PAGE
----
Dim as the borrow'd beams of moon and stars
To lonely, weary, wandering travellers,
Is Reason to the soul; and as on high
These rolling fires discover but the sky,
Not light us here; so Reason's glimmering ray
Was lent, not to assure our doubtful way,
But guide us upward to a better day.
And as those nightly tapers disappear,
When day's bright lord ascends our hemisphere;
So pale grows Reason at Religion's sight;
So dies, and so dissolves, in supernatural light.

Dryden's doubts about religion were soon dispelled by his embracing the Roman Catholic faith: Satisfied or overpowered by the prospect of an infallible guide, he closed in with the court of James II., and gladly exclaimed — "Good life be now my task — my doubts are done." His change of religion happening at a time when it suited his interests to become a Catholic, was looked upon with suspicion. The candour evinced by Dr Johnson on this subject, and the patient inquiry of Sir Walter Scott, have settled the point. We may lament the fall of the great poet, but his conduct is not fairly open to the charge of sordid and unprincipled selfishness. He brought up his family and died in his new belief. The first public fruits of Dryden's change of creed were his allegorical poem of the "Hind and Panther," in which the main argument of the Roman church, all that has or can be said for tradition and authority, is fully stated. "The wit in the Hind and Panther," says Hallam, "is sharp, ready, and pleasant; the reasoning is sometimes admirably close and strong; it is the energy of Bossuet in verse." The Hind is the church of Rome, the Panther the church of England, while the Independents, Quakers, Anabaptists, and other sects, are represented as bears, hares, boars, &c. The Calvinists are strongly but coarsely caricatured—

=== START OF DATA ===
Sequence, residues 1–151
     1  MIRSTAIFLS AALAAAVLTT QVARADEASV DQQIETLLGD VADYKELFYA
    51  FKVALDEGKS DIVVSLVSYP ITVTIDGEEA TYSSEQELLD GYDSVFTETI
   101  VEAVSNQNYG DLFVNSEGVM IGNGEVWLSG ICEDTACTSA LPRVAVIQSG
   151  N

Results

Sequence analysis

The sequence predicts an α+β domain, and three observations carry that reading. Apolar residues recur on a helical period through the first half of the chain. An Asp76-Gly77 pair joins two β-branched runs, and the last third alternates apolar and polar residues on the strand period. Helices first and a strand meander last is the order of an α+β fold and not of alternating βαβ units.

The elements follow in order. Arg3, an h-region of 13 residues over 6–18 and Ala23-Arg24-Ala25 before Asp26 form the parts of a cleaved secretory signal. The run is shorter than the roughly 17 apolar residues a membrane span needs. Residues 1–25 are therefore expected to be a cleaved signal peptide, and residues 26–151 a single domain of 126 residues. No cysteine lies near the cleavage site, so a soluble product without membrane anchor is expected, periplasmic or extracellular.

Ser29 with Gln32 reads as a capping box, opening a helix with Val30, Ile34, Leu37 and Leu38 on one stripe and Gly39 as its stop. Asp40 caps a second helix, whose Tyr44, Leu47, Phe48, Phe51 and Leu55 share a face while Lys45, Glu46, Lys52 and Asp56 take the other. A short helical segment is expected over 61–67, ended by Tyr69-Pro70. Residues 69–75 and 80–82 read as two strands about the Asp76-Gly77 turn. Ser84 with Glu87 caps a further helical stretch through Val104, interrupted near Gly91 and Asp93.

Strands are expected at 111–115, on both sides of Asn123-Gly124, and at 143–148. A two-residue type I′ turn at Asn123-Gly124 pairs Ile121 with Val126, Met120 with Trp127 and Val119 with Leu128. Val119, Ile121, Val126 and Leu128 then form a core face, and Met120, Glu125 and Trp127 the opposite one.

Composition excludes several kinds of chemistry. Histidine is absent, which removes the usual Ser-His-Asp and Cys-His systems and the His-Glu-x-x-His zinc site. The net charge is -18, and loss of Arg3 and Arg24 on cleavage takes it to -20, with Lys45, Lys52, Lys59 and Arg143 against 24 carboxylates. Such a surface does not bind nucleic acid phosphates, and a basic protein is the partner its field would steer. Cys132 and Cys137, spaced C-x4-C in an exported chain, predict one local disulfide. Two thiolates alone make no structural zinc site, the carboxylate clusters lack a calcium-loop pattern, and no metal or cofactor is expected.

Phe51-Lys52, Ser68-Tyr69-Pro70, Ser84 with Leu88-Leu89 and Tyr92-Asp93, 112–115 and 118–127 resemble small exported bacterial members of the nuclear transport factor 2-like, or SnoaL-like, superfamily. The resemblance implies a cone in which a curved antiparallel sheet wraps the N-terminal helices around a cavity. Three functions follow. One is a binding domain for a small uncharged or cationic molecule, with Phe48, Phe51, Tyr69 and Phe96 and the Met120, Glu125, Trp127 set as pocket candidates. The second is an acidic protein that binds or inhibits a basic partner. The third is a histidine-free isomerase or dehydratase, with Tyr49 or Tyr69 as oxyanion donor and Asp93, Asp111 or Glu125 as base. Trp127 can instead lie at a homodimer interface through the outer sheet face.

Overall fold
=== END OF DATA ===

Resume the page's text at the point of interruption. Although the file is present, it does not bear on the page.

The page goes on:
More haughty than the rest, the wolfish race
Appear, with belly gaunt and famish'd face—
Never was so deform'd a beast of grace.
His ragged tail betwixt his legs he wears,
Close clapp'd for shame, but his rough crest he rears,
And pricks up his predestinating ears.

The obloquy and censure which Dryden's change of religion entailed upon him, is glanced at in the "Hind and Panther," with more depth of feeling than he usually evinced—

If joys hereafter must be purchas'd here
With loss of all that mortals hold so dear,
Then welcome infamy and public shame,
And last, a long farewell to worldly fame!
'Tis said with ease, but, oh, how hardly tried
By haughty souls to human honour tied!
O sharp convulsive pangs of agonizing pride!
Down, then, thou rebel, never more to rise,
And what then did'st, and dost so dearly prize,
That fame, that darling fame, make that thy sacrifice!
'Tis nothing then hast given; then add thy tears
For a long race of unrepenting years:
'Tis nothing yet, yet all then hast to give;
Then add those may-be years thou hast to live:
Yet nothing still; then peer and naked come;
Thy Father will receive his unthrift home,
And thy blest Saviour's blood discharge the mighty sum.

He had previously, in the same poem, alluded to the "weight of ancient witness," or tradition, which had prevailed over private reason; and his feelings were strongly excited—

But, gracious God! hew well dost thou provide
Far erring judgments an unerring guide
Thy throne is darkness in th' abyss of light,
A blaze of glory that forbids the sight.
O teach me to believe thee thus conceal'd,
And search no farther than thyself reveal'd;
But her alone for my director take,
Whom then hast promised never to forsake!
My thoughtless youth was wing'd with vain desires,
My manhood, long misled by wandering fires,
Follow'd false lights, and when their glimpse was gone,
My pride struck out new sparkles of her own.